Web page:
Defense Verdict for Attorney Kevin Popham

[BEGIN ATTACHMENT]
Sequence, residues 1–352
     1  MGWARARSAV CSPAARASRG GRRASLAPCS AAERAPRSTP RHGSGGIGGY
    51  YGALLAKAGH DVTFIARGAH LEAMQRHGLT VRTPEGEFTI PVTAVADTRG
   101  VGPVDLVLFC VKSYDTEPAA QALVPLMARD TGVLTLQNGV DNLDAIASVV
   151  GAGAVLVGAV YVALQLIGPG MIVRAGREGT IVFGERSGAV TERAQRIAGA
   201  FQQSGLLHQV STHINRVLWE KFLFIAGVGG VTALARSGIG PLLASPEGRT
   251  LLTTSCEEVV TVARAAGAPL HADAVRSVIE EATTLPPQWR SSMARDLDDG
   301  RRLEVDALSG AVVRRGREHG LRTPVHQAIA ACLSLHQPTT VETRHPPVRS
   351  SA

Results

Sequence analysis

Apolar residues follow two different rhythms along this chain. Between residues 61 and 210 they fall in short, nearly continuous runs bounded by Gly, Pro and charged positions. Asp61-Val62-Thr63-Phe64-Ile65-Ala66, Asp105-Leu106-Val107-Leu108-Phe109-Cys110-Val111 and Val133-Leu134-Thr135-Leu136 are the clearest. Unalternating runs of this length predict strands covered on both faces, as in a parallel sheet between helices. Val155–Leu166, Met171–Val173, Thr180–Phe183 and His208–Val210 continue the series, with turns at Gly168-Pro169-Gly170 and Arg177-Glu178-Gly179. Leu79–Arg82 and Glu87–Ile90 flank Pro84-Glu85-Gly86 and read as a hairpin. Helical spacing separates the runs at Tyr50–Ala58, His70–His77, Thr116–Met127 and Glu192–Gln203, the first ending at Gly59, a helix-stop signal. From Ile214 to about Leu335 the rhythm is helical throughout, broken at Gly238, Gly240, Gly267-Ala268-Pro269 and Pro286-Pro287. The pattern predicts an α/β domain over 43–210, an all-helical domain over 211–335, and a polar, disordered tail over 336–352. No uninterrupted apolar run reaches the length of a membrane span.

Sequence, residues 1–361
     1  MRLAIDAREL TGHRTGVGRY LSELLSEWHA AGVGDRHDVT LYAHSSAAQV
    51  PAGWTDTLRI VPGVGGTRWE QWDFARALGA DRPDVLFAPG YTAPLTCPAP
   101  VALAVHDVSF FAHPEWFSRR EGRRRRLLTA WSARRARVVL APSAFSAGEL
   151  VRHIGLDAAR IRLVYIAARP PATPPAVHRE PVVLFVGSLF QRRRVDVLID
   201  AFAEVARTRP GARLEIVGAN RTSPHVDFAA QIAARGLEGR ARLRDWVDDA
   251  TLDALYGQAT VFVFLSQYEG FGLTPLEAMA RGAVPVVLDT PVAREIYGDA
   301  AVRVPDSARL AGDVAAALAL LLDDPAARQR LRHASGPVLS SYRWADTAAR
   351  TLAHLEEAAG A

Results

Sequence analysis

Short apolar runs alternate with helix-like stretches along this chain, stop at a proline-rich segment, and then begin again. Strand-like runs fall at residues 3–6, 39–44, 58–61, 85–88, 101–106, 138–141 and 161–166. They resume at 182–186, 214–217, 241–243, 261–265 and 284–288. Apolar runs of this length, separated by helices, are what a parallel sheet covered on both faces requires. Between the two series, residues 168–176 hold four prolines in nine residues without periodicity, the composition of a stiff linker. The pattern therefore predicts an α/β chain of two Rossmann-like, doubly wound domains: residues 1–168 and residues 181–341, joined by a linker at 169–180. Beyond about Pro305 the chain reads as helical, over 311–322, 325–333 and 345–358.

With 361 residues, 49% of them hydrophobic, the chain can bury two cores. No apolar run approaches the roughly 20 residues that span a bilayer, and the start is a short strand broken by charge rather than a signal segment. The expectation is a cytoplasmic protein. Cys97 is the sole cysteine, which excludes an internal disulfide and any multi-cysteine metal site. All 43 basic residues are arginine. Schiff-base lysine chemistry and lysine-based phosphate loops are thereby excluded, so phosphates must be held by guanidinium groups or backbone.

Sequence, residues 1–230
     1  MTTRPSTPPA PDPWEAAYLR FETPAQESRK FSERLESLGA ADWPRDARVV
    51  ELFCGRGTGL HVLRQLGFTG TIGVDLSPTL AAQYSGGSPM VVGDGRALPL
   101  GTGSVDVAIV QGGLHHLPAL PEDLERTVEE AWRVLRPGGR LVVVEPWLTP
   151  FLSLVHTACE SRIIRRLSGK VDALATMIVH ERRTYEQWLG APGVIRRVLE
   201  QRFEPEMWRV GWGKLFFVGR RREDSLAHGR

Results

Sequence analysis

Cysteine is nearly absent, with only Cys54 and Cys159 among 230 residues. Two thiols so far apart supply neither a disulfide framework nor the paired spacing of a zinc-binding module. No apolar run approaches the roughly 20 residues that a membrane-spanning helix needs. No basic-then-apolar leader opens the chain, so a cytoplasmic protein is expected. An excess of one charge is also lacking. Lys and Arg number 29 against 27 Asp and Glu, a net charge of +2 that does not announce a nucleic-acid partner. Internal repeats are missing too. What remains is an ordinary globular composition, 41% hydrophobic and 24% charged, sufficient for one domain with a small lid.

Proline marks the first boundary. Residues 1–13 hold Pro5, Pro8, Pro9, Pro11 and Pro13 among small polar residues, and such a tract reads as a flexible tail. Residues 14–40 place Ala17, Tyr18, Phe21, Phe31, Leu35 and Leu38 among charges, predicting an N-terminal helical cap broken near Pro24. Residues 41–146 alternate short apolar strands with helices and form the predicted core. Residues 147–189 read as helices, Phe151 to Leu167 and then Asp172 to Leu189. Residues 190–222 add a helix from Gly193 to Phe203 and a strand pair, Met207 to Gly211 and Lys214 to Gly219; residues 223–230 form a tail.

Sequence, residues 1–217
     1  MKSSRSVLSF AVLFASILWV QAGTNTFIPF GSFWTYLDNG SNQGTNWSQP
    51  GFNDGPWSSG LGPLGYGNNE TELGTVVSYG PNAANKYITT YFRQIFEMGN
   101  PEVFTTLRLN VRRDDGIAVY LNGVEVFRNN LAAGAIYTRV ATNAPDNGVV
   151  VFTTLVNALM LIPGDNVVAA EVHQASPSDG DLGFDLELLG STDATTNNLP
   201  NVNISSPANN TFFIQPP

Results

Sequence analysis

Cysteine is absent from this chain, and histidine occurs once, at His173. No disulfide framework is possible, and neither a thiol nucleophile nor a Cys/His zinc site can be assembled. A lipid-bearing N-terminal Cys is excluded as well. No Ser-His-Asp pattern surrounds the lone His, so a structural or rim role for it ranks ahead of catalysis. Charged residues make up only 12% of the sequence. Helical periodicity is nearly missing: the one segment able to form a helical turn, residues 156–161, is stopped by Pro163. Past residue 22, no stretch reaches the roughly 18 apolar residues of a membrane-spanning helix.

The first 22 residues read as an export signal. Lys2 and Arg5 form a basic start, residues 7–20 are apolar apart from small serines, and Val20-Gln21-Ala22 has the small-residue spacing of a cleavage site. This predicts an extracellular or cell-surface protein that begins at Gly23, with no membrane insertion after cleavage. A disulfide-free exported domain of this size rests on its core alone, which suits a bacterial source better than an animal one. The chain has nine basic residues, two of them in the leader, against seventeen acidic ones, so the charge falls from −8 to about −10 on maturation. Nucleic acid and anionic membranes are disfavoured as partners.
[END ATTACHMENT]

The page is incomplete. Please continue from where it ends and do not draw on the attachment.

Plaintiff, a 62 year old female, presented to the emergency department with complaints of chest pain, shortness of breath, nausea and vomiting.  An EKG revealed atrial fibrillation with rapid ventricular response.  A CT scan revealed a worsening pericardial effusion and bilateral pleural effusions.  The patient was admitted to the care of our defendant cardiologist, whose plan was to perform a pericardiocentesis.  The patient’s pericardial effusion progressed to cardiac tamponade necessitating urgent drainage.  The cardiologist, who was assisted by a cardiology fellow, performed pericardiocentesis draining 700ml of fluid.  However, the patient did not experience improvement of tamponade signs and symptoms, the size of the pericardial effusion was unchanged, and follow-up injection of agitated saline did not opacify the pericardial space.  As a result, the physicians determined that the catheter tip had slipped into the pleural space and the fluid was pleural rather than pericardial.  The pericardiocentesis catheter was removed and the procedure was re-initiated.  Upon the second insertion the patient suffered injury to the left ventricle, and she was taken for emergent open heart repair during which she experienced pulseless electric activity and ventricular fibrillation required open chest massage.  Plaintiff alleged negligence in failure to take additional measures to further determine the location of the catheter prior to removal, as well as permanent neurologic injury secondary to anoxic encephalopathy.  The theory of defense was that ventricular injury is a known risk and accepted complication of the procedure, that the physicians took all appropriate measures before making the determination to re-initiate the procedure, and that there was no evidence of neurologic injury secondary to the pericardiocentesis or subsequent surgical repair.  The jury returned a 6-2 defense verdict after 1 hour of deliberation.

 

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